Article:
• To execute it, the main challenge is frequent node mobility. If the source node changes the position then old gNB has a lead role to facilitate the mobile user. Then old gNB flood the relevant information (about the caller and called mobile user) to all of its neighbor gNBs.
    • Thereafter new gNB serves the node (5G network follows the extreme densification of eNB/gNB, so they are deployed very close to each other). Using this facility mobile users can start device-driven communication.
  • The gNB decode the beacon signal packet and try to route the information towards the destination node. Meanwhile, If the target node changes the position, then the target gNB floods the packets to all of its neighbor gNBs.
  • The associated gNB access the desired information from the nearby available fog node databases. Then the call is delivered to the target user. The associated gNB can consider device-driven communication, subject to network performance metrics.
  • If the called mobile user is moving, then, gNB can identify the best possible method to resume the device-driven communication. To execute this condition gNB need updated data set. The generated data is frequently stored in the nearest fog data centers.
  • Now gNB, called, and caller user have the route delivery path and it should be updated on the fog data system. The data-delivery path is a single hop and gNB has a performance control over it.
  • For another mobile user (within the same location or smilier network circumstances), the information will be import form the fog networks dataset and there is no need to re-process it.

4. Node Mobility and Call Management Procedure

The node mobility is an important factor in the cellular network. It deals with network management and has two parts i.e., mobility management and call delivery procedure. In this section, we propose mobility management and call delivery procedures for device-driven fog networks.

4.1. Mobility Management Procedure

The proposed fog network model (as discussed in Section 3.1), have a unique mobility management attribute. Its performance is dependent on node mobility and observed by mobility management. It is discussed with the following steps ( as shown in Figure 5).
  • The mobile node changes the location from one gNB to another nearby gNB, and the user initiates a call. Therefore, a new mobility management procedure is required for better QoS and QoE.
  • The mobile user seeks a new point of attachment for network services. The associated gNB and mobile users work together to find a nearby point of attachment (from where users can get network information and services?).
  • To serve a mobile node, network, mobile user and gNB seek the mandatory information for location update and location registration procedure. Same time the mobile user and gNB exchange a few signals to establish a connection between the mobile user and gNB.
  • The mobile node and associated gNB import the information about the called and caller user from the nearest fog data centers.
  • As the called and caller mobile user changes the point of attachment, the associated gNB flood the information to its neighboring gNBs. Thus they do not re-import the information from the databases, just utilize it. Also, put an effort to find the minimum metric-based techniques to maintain the QoS and QoE parameters.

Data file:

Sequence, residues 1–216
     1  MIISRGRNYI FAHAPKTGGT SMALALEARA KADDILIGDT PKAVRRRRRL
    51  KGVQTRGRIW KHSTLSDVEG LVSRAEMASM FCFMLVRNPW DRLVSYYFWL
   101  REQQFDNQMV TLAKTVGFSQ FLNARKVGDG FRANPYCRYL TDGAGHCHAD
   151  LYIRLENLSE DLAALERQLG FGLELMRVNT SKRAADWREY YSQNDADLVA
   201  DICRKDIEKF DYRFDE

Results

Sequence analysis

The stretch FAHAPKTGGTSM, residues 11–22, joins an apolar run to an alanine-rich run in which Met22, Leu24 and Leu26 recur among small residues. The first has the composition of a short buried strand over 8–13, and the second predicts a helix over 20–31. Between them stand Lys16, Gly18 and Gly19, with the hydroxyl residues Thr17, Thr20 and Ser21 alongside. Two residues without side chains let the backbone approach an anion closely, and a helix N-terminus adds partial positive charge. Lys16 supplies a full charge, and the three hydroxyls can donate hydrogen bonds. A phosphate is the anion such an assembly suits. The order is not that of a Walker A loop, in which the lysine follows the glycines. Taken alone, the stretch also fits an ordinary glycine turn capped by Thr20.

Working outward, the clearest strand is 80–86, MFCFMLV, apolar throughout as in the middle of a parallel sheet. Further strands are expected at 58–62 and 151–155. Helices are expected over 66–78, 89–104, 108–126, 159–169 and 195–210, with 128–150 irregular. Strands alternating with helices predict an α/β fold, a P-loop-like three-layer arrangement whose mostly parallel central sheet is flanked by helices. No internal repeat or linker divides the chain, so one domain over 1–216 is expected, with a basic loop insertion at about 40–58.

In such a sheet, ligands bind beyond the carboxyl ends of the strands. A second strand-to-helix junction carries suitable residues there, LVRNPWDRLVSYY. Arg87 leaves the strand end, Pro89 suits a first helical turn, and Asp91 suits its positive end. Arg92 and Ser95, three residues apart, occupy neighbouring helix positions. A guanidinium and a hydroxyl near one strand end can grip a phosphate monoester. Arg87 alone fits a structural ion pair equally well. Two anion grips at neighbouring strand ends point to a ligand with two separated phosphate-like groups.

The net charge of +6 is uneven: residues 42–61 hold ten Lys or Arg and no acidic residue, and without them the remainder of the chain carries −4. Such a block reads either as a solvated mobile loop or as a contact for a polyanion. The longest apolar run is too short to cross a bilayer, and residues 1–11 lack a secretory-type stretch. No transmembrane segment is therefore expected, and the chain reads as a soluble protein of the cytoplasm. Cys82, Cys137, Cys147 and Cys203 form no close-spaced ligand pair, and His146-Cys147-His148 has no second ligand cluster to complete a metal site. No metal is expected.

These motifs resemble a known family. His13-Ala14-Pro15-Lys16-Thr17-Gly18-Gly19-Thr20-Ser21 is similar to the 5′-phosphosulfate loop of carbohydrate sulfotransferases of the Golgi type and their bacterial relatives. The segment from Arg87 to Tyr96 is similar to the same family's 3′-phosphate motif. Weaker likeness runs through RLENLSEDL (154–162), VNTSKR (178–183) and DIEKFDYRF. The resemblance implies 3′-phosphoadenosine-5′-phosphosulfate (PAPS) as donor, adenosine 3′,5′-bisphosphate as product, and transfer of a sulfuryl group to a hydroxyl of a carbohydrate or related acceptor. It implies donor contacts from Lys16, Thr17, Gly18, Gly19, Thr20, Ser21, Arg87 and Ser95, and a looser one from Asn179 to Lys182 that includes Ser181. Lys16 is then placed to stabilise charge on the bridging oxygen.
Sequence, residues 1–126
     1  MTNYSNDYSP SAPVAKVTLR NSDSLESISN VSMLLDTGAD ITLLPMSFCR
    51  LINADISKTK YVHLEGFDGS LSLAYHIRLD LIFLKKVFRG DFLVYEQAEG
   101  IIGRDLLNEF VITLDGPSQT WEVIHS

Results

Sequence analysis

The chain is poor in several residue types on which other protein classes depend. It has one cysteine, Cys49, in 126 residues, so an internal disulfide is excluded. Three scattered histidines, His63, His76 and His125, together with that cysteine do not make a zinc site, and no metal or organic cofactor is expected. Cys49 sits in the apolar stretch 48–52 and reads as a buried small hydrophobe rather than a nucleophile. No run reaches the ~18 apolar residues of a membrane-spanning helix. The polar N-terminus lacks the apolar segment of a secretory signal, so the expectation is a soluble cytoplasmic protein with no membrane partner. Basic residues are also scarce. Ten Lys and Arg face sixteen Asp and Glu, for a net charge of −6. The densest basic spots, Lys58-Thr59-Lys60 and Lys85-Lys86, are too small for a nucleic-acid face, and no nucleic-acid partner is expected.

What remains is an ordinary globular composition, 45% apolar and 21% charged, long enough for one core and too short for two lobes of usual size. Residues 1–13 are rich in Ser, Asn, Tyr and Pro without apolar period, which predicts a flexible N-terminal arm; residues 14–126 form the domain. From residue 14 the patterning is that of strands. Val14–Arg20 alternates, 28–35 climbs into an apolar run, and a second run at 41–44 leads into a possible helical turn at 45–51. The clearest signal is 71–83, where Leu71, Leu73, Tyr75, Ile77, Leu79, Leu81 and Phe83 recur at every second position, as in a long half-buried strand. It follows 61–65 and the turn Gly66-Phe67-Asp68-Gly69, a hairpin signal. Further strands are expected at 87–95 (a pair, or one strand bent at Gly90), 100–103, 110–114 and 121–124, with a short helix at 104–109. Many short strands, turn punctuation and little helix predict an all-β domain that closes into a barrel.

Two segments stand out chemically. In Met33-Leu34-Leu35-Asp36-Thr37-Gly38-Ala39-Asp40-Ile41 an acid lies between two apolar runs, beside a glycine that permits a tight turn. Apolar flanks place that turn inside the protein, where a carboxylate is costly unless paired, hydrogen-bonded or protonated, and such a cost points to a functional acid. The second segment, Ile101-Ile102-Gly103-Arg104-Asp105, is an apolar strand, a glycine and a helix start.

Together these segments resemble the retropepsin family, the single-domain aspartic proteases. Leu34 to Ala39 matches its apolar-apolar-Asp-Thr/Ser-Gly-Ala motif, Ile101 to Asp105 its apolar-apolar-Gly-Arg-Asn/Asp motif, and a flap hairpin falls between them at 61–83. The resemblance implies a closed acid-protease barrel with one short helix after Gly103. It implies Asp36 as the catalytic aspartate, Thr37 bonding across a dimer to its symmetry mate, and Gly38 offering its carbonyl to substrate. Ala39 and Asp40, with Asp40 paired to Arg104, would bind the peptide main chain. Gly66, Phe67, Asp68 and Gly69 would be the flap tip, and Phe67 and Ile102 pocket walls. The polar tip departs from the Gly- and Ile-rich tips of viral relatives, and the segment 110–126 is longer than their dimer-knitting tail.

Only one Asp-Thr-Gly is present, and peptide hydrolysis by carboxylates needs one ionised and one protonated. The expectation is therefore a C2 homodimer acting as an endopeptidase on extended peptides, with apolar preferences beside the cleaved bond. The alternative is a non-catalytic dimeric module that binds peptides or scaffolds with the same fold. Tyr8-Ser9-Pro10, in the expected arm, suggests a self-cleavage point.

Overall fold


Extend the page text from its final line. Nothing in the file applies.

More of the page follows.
• The modified information to be stored in the nearest fog data center, it helps us to precise the current location of the mobile users. If the source and target node change the position, the gNB help to establish the route between them. The source node puts effort for self reconfigurability and packet delivery, it also maintains the performance metrics i.e., throughput and delay.

4.2. Call Delivery Procedure

As the mobility management procedure is completed, thereafter the call should be delivered to the destination node. The call delivery is an important role in mobility management as discussed in Section 4, and it has the following steps (discuss with Figure 6).
  • The mobile user starts the call, and it is forwarded to associated nearby gNB.
  • The associated gNB and mobile node fetch the required information from the nearest fog data centers.
  • The current gNB forwards the call and required information towards the target gNB.
  • The target gNB delivers the call to the mobile user.
  • If the called mobile user changes the point of attachment, then associated gNB flood the information to neighboring gNBs.
  • The respective information must be updated in fog data centers for future references. This process reduces the signaling cost to the network. Overall it improves the energy efficiency and greenness of the networks.

5. Advantages and Cutting Edge Research Challenges

In Section 2, Section 3 and Section 4, we have discussed the fog network-based architecture, device-driven communication methodology and unique mobility management procedure. Now we discuss the advantage and associated research challenges of them.

5.1. Advantages

The suggested communication methodology is a new paradigm for fog computing, where using cellular networks. It has the following advantages over traditional cellular network technology.
  • Scalability and robustness: The exponential growth of networks associated devices and the majority of them have IoT enabled interfaces, and it generates a sheer amount of network data. The fog network architecture provides the scalability to network services because it follows the local device-centric design rather than the central server topology.
  • Mobility support: Mobility management is an important aspect of fog networks and communication. It is more focused because the nodes are using device-driven communication. We are aware of the fact of sophisticated data access techniques from the central server and capabilities, as it is a very complex task in LTE/LTE-A networks. The fog-based 5G network provides dynamic mobility management, it allows a small number of gateway devices to manage a large number of edge devices (IoT connected devices) [31].